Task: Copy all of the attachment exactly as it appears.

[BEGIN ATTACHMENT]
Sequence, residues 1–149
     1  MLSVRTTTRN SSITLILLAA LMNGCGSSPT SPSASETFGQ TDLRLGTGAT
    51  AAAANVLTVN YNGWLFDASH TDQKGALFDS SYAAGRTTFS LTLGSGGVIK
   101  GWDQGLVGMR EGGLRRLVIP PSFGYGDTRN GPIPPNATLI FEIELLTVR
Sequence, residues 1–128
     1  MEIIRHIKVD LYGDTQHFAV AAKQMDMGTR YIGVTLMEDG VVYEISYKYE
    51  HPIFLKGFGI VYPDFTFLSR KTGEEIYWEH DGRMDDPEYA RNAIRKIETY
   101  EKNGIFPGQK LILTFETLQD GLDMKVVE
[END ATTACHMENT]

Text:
Sequence, residues 1–149
     1  MLSVRTTTRN SSITLILLAA LMNGCGSSPT SPSASETFGQ TDLRLGTGAT
    51  AAAANVLTVN YNGWLFDASH TDQKGALFDS SYAAGRTTFS LTLGSGGVIK
   101  GWDQGLVGMR EGGLRRLVIP PSFGYGDTRN GPIPPNATLI FEIELLTVR
Sequence, residues 1–128
     1  MEIIRHIKVD LYGDTQHFAV AAKQMDMGTR YIGVTLMEDG VVYEISYKYE
    51  HPIFLKGFGI VYPDFTFLSR KTGEEIYWEH DGRMDDPEYA RNAIRKIETY
   101  EKNGIFPGQK LILTFETLQD GLDMKVVE